Warning: The following contains spoilers from Thursday’s season premiere of White Collar.
White Collar‘s final season debut on Thursday delivered some unexpected news for Peter and Elizabeth: They’re going to be parents!
As delighted as the couple was by the discovery, the bundle of joy will also place “a little different strain” on the husband and wife, creator Jeff Eastin tells TVLine.
Meanwhile, Neal struck a deal with his FBI mentor: He’ll help Peter take down the notorious Pink Panthers in exchange for his freedom. That plan, however, will hit more than one obstacle. For starters, during next week’s episode, Neal discovers a surprise within the Panthers’ ranks — his ex-pal Keller (played by Ross McCall)!
Below, Eastin talks about the Burkes’ upcoming arrival, Neal’s intentions when it comes to post-FBI life and Keller’s role in the con man’s final arc.
TVLINE | Lets start with Neal’s final line in the season premiere, “Who says that’s all I’m after?” What should we take away from that? Is that a hint that he’s not planning to live a clean life?
Oh, that’s a touchy one without giving too many spoilers. I would say that the best thing you can take away from the line is that with Neal, nothing is ever exactly what it seems.
TVLINE | Is he looking at the Pink Panthers as a possibility to assemble a nest egg for himself?
That’s a possibility. Yeah. [Laughs]
TVLINE | Can you talk about the dynamic that we’re going to see between Neal and Keller as Neal’s infiltrating the Pink Panthers?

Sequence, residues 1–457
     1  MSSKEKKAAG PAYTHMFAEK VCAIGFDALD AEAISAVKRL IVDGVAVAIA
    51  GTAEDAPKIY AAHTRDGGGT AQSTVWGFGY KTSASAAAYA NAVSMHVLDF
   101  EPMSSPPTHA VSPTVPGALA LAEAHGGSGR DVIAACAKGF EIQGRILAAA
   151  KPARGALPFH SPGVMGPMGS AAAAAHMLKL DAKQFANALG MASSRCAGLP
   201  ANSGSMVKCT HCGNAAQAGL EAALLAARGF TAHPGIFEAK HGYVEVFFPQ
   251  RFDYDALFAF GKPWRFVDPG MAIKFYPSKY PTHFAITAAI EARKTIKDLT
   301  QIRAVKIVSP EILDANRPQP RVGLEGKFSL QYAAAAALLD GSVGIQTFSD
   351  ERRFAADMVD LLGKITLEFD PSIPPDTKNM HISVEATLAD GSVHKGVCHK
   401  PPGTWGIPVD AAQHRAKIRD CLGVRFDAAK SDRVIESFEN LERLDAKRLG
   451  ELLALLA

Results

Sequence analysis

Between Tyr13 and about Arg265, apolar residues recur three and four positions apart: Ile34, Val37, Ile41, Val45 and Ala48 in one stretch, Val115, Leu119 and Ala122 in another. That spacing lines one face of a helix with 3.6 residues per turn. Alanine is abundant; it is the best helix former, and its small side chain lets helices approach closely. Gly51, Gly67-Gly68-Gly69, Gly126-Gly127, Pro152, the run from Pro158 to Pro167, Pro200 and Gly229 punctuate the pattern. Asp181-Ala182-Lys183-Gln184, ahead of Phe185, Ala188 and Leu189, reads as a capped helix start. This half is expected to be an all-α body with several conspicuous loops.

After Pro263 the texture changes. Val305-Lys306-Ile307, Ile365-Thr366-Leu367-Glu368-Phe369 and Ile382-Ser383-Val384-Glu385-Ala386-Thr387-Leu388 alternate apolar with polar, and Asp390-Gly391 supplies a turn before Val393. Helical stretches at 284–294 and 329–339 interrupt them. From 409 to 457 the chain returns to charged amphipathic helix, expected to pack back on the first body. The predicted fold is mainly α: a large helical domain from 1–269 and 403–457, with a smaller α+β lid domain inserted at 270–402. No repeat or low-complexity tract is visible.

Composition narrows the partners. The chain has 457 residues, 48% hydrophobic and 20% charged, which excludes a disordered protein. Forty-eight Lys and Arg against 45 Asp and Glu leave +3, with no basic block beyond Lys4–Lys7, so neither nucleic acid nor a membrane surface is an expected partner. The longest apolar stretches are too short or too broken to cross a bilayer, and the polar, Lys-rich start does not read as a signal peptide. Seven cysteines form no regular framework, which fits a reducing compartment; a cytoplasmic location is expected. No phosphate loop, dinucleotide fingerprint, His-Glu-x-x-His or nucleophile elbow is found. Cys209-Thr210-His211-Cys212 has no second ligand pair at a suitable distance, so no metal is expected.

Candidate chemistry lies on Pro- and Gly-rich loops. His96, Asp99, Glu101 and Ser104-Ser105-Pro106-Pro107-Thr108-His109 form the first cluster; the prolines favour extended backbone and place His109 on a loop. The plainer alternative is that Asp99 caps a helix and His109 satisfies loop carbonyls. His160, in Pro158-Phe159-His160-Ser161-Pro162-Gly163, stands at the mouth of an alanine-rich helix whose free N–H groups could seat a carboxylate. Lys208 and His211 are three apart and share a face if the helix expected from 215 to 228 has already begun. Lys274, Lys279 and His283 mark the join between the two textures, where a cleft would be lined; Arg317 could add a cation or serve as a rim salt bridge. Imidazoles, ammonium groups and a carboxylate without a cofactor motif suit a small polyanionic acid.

I would say that beyond Mozzie and Peter, the most important relationship for Neal this year is going to be with Keller. The thing I loved about Keller in the first place was that this was a guy who was sort of Neal’s alter ego. For Raiders fans, there’s a Lost Ark scene [where] Belloq comments that Indy and him were just shadowy reflections of the other, and that really was the design of Keller, that he is Neal. He’s just down a different path. The thing that saved Neal from becoming Keller was Neal did have a heart, and Keller didn’t. But really, their skills are almost equally matched. This will come out further as the season progresses, and we’ve touched on them in prior episodes, but really, Neal and Keller were friends for a while. Kate came between them, and it was inevitable that their friendship would fall apart. But for a long time, they were close friends. I would say best friends at one point. So that begins to come back, and Neal does do a lot this year in terms of looking at himself through that lens [of], “What if I became Keller?” Because really, the idea was that Neal always kind of existed in that twilight zone between wanting to be Peter, but realizing he is Keller. For Neal, it was always really that yin-yang fight that he has within himself. In terms of his relationship with Keller, that’s really what comes out this year is Neal’s spending a lot of time really trying to reflect on that and figure out exactly who he is. The entire series really has been that journey for Neal, figuring out exactly who he is.